I used to have really dry hair and nails, and found out I wasn't getting enough healthy fats in my diet for what my body needed. I added a tablespoon of olive oil into my diet daily, and my nails and hair perked up, and my skin got a lot healthier as well. It turns out my body just doesn't do well on a very low fat diet (I'm not saying that this is necessarily your problem, there are a lot of different things that could be going on with you!)

Besides the obvious of cutting out meat, what has changed in your diet or lifestyle? Maybe it is a vitamin/mineral problem, and when you stopped eating meat you started eating a different set of nutrient levels. Make sure you are eating a well rounded diet, and maybe take a multivitamin if you aren't already. It could definitely also be environmental, though.
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#11 Old 07-16-2014, 04:44 PM
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Ember. I totally agree that humans are omnivores. I think that Euro-centric macho-centric anthropologists throughout the history of the science have barked up the wrong tree. 2 billion people out there eat insects and grubs on a regular basis. Insects and grubs are high in protien, poly and mono unsaturated fats and vitamine B12 (etc). If anything, early humans ate more critters like this than either strictly big game or vegan. Snails most likely are in the bag of creepy crawlies, and easy to grab swimmies. Even today anyone not easily revolted can avoid the grocery store all together. Fun fact!

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#12 Old 07-16-2014, 06:41 PM
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After all the above issues are looked at, including hypothyroidism, if your convinced your diet and thyroid function are ok one tactic can be using Ashwagandha (Withania somnifera) root extract pills.
At one point my father had the same thing and in the end I put him on daily ashwagandha, pretty soon new healthy fingernails and new hair grew in. His doctor was impressed enough that he gave it to his wife for her fingernails, lol
Better to find and fix the ultimate cause tho
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#13 Old 07-16-2014, 11:25 PM
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Quote:
Originally Posted by Ember008 View Post
Humans actually are built to be omnivores. One of the things you have to watch out for is Omega 3, 6, and 9's because they are primarily gotten through fish and make up 30% of your brain. Unless you eat fish. Which is kind of like being a non smoker but smoking cigars. If you are a complacent vegetarian you could run into some health issues and may get sick from low iron, calcium, protien. You should research what you could be missing and fill the gaps. Its what im doing


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Ember is right, it's important to have a look at what you're eating now. If you'd like to share what you'd usually eat in a day with us, we might be able to see if there's anything 'missing'. Though, I'd recommend going to a doctor and getting some tests done if you're really worried.


Omega 3's (and the rest) can be found in soy, chia seeds, flaxseed oil and even brussel sprouts!

Iron can be a bit of an issue. Using an iron frying pan is apparently one way to get more iron in your diet :P

Calcium can be easily gotten from plants, if you're no longer consuming dairy.

Protein deficiency on a vegetarian diet is nothing I've ever heard someone actually suffering from. I'm sure it CAN happen, but as long as you're getting a good calorie intake each day, you should be okay.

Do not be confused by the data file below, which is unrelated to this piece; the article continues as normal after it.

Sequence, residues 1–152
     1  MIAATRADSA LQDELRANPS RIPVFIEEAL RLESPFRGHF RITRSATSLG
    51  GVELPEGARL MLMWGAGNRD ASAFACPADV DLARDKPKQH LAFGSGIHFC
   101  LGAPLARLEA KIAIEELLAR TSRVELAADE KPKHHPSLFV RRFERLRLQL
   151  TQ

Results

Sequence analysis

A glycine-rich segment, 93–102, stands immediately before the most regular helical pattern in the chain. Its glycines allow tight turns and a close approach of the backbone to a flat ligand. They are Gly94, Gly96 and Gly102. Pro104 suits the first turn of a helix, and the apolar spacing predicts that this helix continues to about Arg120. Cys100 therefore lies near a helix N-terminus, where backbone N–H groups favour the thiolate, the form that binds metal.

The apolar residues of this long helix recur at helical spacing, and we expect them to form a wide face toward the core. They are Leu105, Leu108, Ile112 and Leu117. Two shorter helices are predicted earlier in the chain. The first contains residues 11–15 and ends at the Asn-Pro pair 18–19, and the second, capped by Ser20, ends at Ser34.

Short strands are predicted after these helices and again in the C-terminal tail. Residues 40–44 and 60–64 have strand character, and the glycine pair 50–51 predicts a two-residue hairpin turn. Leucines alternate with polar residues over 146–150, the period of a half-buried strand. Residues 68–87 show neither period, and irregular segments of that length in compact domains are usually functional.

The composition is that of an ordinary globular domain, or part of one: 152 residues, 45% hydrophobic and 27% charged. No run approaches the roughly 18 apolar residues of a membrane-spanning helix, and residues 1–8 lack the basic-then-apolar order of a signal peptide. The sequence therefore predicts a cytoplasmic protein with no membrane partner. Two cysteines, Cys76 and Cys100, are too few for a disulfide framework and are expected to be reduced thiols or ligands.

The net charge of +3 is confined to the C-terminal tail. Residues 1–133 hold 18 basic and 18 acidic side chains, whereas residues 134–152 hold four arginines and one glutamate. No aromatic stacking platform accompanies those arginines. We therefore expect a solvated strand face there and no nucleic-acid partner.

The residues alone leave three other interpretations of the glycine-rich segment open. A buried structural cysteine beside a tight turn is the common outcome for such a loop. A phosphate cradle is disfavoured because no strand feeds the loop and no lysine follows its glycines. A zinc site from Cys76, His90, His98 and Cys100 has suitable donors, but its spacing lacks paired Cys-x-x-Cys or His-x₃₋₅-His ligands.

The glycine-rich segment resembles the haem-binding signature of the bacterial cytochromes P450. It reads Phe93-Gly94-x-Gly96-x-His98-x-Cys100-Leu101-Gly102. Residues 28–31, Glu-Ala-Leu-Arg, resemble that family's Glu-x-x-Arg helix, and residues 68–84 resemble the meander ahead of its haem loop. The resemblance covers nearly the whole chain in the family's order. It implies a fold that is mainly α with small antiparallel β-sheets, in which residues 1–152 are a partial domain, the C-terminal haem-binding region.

You don't need to be super-vigilant on a vegetarian diet, in order to maintain your health, but in the first little while it's a good idea to find out the best ways to eat healthily.

Let us know how you go.
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#14 Old 07-17-2014, 07:52 AM
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Originally Posted by rmnz View Post
One thing though, it seems like my hair is snapping off much more and also my nails won´t grow at ALL and continuosly are peeling.
This is a fairly common issue with new vegetarians/vegans and is usually caused by low protein intake. Hair and nail are made of protein and when your intake is low your body starts to conserve protein and your hair/nail health suffers. Make sure you're consistently getting around 55 grams of protein a day (65 if you're man) and your nail/hair health should improve over a few months.

If your protein intake is already good, it should be an iron issue but you should get your blood work done to determine whether your iron levels.

Whether or not humans were "built" to eat meat, humans have no trouble subsisting on meat-free diets. There are 300 million vegetarians in India and many millions in other countries throughout the world.

Quote:
Originally Posted by Tiger Lilly View Post
Protein deficiency on a vegetarian diet is nothing I've ever heard someone actually suffering from. I'm sure it CAN happen, but as long as you're getting a good calorie intake each day, you should be okay.
You don't just go from having good protein intake to having a protein deficiency disease, a lot happens in between. Hair and nail health will suffer with marginal protein intake and this is not considered a protein deficiency disease, its just the body adjusting to low protein intake.

Last edited by logic; 07-17-2014 at 07:57 AM.
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#15 Old 07-17-2014, 08:03 AM
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Originally Posted by Ember008 View Post
Humans actually are built to be omnivores. One of the things you have to watch out for is Omega 3, 6, and 9's because they are primarily gotten through fish and make up 30% of your brain.
Omega-6 and omega-9 are found in many plant foods and most people primarily get them from plant sources, omega-3 is a bit less common in plant sources but there are still a lot of plant foods with omega-3.

"Omnivore" is a very general description and says little about what sort of diet humans have adapted towards, that is, just because humans are omnivores doesn't mean were adapted to eating the flesh of mammals.